KPB Blog

College Coaches Want to Know How You Lose

Want to get this content in podcast format? Just click play below!

There is always a lot of great baseball during the college playoffs. Last year’s playoffs included great plays, gritty pitching, and thrilling walk-offs. Of course, for all the exciting playoff games at various levels of college baseball, one team always ends up on the losing side. For many players, the loss means the end of their season. Sometimes the scores are close; sometimes they are lopsided. A loss is never easy, no matter what the scoreboard says. Baseball can be a heartless game. One day you’re on top and the next, you’re facing a crushing defeat.  

While you might think that coaches and recruiters are only interested in players who win games, most actually want to see you fail some so they can see how well you handle  losing or failure. Why? Because every ballplayer loses sometimes and every ballplayer fails; it’s part of the game. Coaches are looking for players with “character.” They are looking for players who will add strength, not problems, to their teams through seasons that are filled with many ups and downs. Right now, college baseball would usually be providing countless examples of what you should and shouldn’t do in the tough moments and defeat. Since we can’t witness those acts this year, here are a few tips to help you get noticed, even after you’ve lost an important game.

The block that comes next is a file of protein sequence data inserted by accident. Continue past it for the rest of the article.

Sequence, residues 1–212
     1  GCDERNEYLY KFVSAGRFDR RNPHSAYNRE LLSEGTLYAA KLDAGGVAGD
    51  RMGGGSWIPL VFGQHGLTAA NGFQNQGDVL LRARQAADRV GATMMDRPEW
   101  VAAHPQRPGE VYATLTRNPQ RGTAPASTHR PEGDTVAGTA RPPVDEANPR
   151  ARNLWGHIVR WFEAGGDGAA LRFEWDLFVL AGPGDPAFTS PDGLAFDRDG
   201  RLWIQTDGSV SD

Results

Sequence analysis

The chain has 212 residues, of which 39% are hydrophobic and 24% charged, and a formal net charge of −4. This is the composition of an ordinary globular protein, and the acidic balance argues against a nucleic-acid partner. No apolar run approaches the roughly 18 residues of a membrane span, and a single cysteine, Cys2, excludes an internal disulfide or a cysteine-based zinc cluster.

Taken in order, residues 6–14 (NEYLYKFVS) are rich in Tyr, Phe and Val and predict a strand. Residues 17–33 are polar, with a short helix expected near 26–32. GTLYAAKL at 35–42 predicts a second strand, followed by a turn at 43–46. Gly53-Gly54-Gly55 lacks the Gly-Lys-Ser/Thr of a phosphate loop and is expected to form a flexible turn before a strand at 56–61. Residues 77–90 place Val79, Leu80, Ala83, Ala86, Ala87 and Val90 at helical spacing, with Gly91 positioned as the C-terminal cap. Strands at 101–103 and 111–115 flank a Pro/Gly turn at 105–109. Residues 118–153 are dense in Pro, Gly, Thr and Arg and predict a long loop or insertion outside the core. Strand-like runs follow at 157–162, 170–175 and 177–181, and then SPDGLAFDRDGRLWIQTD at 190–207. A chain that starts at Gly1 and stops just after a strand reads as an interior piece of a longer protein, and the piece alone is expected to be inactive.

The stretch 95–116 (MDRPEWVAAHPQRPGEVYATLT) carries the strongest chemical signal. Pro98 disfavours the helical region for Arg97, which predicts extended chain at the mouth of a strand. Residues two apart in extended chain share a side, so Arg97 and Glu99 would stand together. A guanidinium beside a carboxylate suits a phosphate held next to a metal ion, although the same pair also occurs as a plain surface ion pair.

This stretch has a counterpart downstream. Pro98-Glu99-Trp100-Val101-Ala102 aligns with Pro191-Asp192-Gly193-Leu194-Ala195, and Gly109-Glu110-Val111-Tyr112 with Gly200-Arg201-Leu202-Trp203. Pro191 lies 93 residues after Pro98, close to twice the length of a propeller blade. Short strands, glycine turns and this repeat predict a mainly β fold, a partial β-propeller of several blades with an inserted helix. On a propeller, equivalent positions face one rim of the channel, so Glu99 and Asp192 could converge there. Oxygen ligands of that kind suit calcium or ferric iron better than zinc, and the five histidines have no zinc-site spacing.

Showing Emotion

It is ok to show emotions.  Coaches don’t expect you to be a robot. You might be feeling frustrated, disappointed, sad, and even angry. Coaches want to see that it matters to you, but that you can  manage  those emotions and turn the page quickly. That means you don’t let your negative emotions dictate your behavior. Things like throwing equipment, knocking things over, hitting anything, lashing out, or losing control of yourself are definite no-no’s. 

Respecting the Game

Show that you respect your teammates, other players, coaches and officials.  If you blame your teammates, refuse to shake hands with the other team, complain about the umpires, sulk, or walk away from your coach, you are going to get crossed off many recruiters’ lists. Don’t forget, recruiters and coaches often share information. You could lose your chance to play at the next level if you get a reputation that you are immature or a troublemaker. 

Positive Body Language

Show that you respect yourself.  Keep your head up. Look everyone in the eye. Don’t say anything negative about yourself. Stay calm and if it is appropriate, start thinking about what you could have done differently. If you made mistakes, take responsibility but recognize that mistakes happen and they don’t change who  you  are. Show your coach and your teammates that you are walking away from the loss and turning the page, taking only the lessons that will help you improve in the future. 


Be a leader.  You’re a competitor. You need to compete until the last out in the last inning, no matter what the scoreboard says. But, once the game is over, you need to accept the loss. A leader takes adversity in stride and when he does, his team takes notice. You can help your team by keeping things in perspective and positive. You need to show your teammates (and recruiters) that you are the kind of player who picks up his friends, stays calm and considerate, and walks off the field even stronger than when the game began. 

Everyone loses. It’s the players that handle themselves with the same class and character during times of loss and failure as they do when they are winning and dominating that college coaches are looking to recruit. Let that be you.